maule at LAW.VILLANOVA.EDU
Thu Dec 14 15:18:04 PST 2000
>>> winkler at ucla.edu 12/14/00 01:55PM >>> writes
[snip] Nevertheless, in the wake of Bush v. Gore it is clear that if the
Court wants to rule on an issue, it will do so and that decision, no
matter how partisan or lacking in firm legal footing it appears, will
be the final word and represent the constitutional law of the nation.
Except to the extent a constitutional amendment changes the outcome. And that suggests that Supreme Court decisions can be separated into those as to which a constitutional amendment can change the outcome and those that cannot be so affected because the water is over the dam.
Or, is there no such distinction on the basis that no constitutional amendment can change the result vis-a-vis the parties who were in front of the court on the particular decision at issue but only results as to future parties who find themselves in similar circumstances. Thus, for example, a constitutional amendment overturning Roe and Casey cannot affect the parties in those lawsuits but only parties who come along after the amendment, and a constitutional amendment having the effect of overturning Bush v Gore cannot affect Bush or Gore (in 2000) but only candidates (perhaps including Bush and Gore) coming along after the amendment takes effect. Is there a difference on account of the very high likelihood that there will be many more parties in the position of Roe but probably very few, if any, presidential candidates in the position of Bush and Gore in 2000 (aside from my quip that we ought not rest assured that 2000 won't happen again in 2004 or 2008)?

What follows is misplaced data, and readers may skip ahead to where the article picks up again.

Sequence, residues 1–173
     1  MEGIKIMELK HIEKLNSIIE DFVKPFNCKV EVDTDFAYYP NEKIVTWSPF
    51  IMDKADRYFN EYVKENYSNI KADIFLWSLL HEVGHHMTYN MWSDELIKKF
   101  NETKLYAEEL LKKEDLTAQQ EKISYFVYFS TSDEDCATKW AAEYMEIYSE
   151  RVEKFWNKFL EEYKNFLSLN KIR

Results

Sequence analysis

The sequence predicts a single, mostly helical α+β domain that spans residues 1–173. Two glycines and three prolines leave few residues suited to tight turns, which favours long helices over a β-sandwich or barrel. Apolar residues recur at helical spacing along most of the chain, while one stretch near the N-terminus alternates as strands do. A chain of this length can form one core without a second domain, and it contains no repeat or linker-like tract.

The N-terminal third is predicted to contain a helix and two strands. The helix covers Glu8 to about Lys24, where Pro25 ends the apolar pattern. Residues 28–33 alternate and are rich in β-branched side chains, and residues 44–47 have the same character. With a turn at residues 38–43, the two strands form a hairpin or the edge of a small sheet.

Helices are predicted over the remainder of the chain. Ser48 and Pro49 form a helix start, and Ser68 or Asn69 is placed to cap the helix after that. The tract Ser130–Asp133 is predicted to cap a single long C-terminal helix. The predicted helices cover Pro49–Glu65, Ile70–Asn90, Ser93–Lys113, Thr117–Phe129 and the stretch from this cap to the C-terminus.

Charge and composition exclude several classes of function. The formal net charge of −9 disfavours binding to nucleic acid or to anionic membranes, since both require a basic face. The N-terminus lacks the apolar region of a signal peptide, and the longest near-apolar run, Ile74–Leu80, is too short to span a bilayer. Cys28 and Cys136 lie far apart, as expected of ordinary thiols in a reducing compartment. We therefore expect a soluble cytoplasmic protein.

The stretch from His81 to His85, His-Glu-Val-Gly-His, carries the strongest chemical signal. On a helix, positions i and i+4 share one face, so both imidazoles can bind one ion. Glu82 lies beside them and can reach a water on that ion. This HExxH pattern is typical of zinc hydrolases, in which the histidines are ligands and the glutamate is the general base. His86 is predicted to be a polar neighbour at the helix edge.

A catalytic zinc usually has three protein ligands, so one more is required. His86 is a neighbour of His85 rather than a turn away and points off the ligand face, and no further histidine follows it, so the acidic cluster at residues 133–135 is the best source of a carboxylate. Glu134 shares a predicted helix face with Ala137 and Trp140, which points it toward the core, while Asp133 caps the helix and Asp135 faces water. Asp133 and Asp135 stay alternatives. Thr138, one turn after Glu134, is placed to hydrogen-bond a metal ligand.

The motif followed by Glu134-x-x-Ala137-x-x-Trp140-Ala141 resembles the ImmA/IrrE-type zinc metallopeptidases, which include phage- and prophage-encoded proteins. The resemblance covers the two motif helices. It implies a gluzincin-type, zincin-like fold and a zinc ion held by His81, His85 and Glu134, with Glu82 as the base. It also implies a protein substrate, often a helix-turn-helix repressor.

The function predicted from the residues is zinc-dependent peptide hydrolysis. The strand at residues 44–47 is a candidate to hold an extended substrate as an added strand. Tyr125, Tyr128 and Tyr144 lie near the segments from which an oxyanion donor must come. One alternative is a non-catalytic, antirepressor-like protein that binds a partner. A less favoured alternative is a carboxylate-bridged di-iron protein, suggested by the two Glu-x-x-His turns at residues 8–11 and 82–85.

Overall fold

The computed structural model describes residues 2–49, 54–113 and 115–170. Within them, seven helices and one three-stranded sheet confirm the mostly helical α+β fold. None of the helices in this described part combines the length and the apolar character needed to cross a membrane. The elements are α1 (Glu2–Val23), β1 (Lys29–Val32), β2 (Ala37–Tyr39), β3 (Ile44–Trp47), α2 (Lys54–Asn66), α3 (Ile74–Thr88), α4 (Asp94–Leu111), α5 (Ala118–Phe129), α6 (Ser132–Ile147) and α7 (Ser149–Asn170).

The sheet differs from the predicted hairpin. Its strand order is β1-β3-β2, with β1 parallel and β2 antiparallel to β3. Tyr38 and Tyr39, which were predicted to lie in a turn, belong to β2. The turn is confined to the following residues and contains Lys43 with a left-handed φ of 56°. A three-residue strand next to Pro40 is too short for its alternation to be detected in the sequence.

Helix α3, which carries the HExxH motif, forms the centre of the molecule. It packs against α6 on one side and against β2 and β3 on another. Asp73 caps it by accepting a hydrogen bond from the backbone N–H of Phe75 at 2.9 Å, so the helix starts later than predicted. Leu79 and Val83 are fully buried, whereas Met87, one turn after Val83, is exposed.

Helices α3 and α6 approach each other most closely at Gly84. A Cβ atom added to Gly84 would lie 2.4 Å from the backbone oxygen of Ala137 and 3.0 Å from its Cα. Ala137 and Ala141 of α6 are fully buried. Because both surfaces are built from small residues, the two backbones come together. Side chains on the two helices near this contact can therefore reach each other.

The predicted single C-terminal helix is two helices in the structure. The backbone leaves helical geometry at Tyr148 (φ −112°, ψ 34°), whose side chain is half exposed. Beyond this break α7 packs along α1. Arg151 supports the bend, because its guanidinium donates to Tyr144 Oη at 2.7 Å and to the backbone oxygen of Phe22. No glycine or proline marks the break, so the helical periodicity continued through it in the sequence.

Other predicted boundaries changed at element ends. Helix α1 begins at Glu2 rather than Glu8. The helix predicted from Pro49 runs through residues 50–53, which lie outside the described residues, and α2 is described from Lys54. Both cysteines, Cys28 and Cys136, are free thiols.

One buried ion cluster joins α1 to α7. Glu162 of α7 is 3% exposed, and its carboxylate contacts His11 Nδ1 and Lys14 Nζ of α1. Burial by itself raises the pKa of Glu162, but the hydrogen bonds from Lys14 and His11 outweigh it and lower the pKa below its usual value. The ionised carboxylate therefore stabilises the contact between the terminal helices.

I raise these questions because at least on a theoretical level, a system of checks and balances leaves no one branch of the government as the absolute all-time arbiter. In practical terms, given the difficulties of getting constitutional amendments through, perhaps there is some degree of pragmatic reality in the characterization of the Supreme Court as the ultimate decision maker.
Professor of Law, Villanova University School of Law
Villanova PA 19085
maule at law.villanova.edu
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